A Short Introduction to Dialectics and Heraclitus

Updated: Jul 12, 2020


What is dialectics? The dialectical method is a study of change, specifically the observation of the whole, the divisions of opposites within that whole, and the tension, conflict, and unity of those opposites.

The unity of opposites. All things are identified in part by what they are not. There are countless dichotomies, such as beginning/end, tall/short, masculine/feminine, presence/absence, and speech/writing.

As a Zen monk said, “Not-A is contained within A.” To a native English speaker, A stands alone. A is just A. But for an English learner, A can only be understood when placed in the context of the whole 25 other letters.

If you did’t know the whole alphabet, and have never seen an English letter in your life, and you came across an ‘A’ on a tree you simply would not know what the symbol signified. You can’t place it within the symbolic whole of the English Alphabet.

But if you know all the other letters in the English Alphabet, you’ll know that 'A' symbol is not-B, it's not-C, it's not-D, and so on, and then you can come to the conclusion that the symbol means A.

This is a key principle of the dialectic. To understand the parts you need to understand the whole. This relationship between the whole and the division is key to what dialectics aims to do, which is to observe change. Change occurs within a thing (an ecosystem, a state, an individual) when there are tensions and conflicts between opposites within that thing.

One of the first individuals to describe change in a dialectical fashion is the pre-socratic philosopher Heraclitus. You may know his famous saying “You cannot step in the same river twice,” which alludes to his view that the world is in constant flux.

Fragment 91

One cannot step into the same river twice,

nor can one grasp any mortal substance in a stable condition,

it scatters and again gathers,

it forms and dissolves,

approaches and departs.

Dialectics ties change and the unity of opposites within a whole together, and it's by the separation of a whole into opposites and conflict between opposites that change occurs.

Fragment 8

All things come to pass through strife.

Counter-forces bring together,

From tones at variance

Perfect harmony.

Besides describing oppositions that exist simultaneously and depend on one another, A and not-A, black and white, male and female, Heraclitus describes oppositions that come after one another to describe how change comes about.

This succession of opposites (day following night, death following life) gets to the key idea: change. To say that every object manifests some pair of contrary properties in this sense (successively) is just to say that every object undergoes change. So the doctrine of “unity of opposites” is, for Heraclitus, a way of making the point that every object is subject to change and is, indeed, always undergoing some kind of change or other.”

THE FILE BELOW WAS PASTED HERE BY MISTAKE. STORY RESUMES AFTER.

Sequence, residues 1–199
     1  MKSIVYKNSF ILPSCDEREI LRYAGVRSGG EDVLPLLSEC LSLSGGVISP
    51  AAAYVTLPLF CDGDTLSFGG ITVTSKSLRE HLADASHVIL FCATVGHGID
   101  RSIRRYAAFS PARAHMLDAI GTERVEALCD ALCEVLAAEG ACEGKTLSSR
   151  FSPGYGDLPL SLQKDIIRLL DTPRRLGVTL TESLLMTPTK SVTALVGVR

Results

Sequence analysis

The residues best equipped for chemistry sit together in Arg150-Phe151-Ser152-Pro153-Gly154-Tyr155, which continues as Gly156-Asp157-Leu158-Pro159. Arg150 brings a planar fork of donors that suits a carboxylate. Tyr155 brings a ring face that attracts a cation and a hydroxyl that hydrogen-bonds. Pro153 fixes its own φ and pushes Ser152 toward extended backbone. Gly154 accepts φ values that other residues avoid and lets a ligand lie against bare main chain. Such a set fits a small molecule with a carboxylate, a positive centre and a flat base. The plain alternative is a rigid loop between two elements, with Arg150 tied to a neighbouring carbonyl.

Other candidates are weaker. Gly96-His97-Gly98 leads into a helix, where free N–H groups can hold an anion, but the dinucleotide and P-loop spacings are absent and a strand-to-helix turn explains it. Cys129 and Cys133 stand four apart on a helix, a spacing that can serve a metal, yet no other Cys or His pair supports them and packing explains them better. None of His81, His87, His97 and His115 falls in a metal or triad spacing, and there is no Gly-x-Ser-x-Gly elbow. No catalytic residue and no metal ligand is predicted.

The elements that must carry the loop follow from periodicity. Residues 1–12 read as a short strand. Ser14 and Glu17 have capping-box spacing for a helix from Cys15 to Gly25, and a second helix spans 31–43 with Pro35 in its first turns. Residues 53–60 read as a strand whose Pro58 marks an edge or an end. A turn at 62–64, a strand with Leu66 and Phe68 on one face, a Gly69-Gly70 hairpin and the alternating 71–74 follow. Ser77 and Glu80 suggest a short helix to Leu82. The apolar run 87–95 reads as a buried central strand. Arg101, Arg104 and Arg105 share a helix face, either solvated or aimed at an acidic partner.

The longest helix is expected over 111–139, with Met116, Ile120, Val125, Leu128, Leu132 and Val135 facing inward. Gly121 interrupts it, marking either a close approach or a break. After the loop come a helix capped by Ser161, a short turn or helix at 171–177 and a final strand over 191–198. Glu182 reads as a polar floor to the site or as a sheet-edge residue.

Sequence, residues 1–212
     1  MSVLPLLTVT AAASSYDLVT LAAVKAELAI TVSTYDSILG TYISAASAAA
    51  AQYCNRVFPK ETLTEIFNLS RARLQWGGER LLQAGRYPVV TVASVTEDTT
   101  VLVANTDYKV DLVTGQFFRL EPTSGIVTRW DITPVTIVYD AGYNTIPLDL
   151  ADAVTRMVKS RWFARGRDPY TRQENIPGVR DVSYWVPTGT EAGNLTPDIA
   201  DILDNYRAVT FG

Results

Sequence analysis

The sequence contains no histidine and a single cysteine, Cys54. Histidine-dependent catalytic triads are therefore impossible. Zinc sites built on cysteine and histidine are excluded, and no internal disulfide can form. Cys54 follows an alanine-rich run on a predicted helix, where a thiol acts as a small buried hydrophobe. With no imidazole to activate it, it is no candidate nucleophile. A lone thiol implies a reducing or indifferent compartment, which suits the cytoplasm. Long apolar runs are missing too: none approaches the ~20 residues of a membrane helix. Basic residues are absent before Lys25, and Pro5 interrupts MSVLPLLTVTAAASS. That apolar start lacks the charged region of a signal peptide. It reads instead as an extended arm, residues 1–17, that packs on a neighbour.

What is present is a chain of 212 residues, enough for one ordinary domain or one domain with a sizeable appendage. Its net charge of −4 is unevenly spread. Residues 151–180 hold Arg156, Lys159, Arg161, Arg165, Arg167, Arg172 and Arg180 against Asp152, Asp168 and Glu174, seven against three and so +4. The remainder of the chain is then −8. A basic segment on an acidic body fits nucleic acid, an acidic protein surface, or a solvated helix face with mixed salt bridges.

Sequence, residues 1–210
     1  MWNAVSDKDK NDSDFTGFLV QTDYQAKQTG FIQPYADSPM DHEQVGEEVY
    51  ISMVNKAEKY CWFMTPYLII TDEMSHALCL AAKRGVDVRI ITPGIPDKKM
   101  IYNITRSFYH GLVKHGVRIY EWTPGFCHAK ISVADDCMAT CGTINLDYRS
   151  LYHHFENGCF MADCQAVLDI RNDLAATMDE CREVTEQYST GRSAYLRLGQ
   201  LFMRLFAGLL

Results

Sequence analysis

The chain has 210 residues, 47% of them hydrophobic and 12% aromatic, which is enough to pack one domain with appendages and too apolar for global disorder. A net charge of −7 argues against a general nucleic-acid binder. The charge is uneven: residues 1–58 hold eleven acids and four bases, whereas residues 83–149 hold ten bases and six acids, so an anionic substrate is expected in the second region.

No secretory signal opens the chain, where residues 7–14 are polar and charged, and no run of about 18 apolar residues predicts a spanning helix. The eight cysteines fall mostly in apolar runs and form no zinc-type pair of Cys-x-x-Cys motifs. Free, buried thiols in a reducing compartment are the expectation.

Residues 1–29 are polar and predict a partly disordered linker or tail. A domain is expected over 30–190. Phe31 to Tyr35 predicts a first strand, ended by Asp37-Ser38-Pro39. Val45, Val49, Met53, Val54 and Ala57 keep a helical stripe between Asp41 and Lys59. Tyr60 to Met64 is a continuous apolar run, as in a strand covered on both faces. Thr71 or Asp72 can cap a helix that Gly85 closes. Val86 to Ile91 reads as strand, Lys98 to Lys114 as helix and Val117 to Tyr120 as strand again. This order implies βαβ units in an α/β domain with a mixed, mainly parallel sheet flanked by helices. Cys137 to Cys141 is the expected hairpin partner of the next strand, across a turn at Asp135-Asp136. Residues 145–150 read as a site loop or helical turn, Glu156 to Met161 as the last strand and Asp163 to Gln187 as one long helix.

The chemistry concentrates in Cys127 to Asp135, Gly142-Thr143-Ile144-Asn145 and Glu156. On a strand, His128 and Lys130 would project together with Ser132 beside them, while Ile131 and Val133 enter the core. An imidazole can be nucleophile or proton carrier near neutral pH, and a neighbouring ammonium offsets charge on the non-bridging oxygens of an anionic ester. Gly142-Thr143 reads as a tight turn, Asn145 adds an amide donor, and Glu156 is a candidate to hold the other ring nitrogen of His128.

Fragment 51

They do not understand how that which differs with itself is in agreement:

harmony consists of opposing tension, like that of the bow and the lyre.

Here the tension between opposed forces - the string being pulled one way by one end of the bow and the other way by the other - enables the bow to perform its function, to be the kind of thing that it is. It seems static, but it is in fact dynamic. Beneath its apparently motionless exterior is a tension between opposed forces.”

What is not Dialectics?

Having answered, “what is dialectics?” It would be useful now to also answer the opposite question, “What is not dialectics?”

The opposite of dialectics is dualism. Dualism describes conflict and change in Manichean, black, and white terms. Instead of observing two conflicting forces objectively, dualism identifies a protagonist and an antagonist, one good and one evil. Instead of seeing the two forces as a part of one whole, dualism tends to see those two forces as wholly separate and different from one another.

Dialectics attempts to see tension and conflict between opposites objectively, in a non dual manner. If you remove the pro and anti from protagonist and antagonist, you can look at a conflict dialectically, as a conflict between two agonists, which are temporary divisions of a united whole.

This does not mean that dialecticians won’t choose sides or consider some things good and others evil, but before everything else, dialecticians are open to all points of view, observe all the players in the game, and try to consider all aspects of natural phenomena and their opposites that drive change.

Dialecticians tend not to be overt moralists, or if they are on certain issues, first the individual employs a dialectical method of study and argumentation to arrive at what they consider to be the moral position.

Political polarization in America is an oft-repeated problem, and much of mass media content and opinions are non-dialectical and tend toward dualistic thinking and supporting a Manichean worldview.

To a left-liberal, non-liberal opinions are pre-judged to be variously conservative, racist, or fascist. To a right-conservative, non-conservative opinions are pre-categorized as some form of “Cultural Marxism.” To any kind of political dualist, it doesn’t matter that there are opinions out there that are both non-liberal and non-conservative because “If you are not with me, you are against me.”

Accusations of Nihilism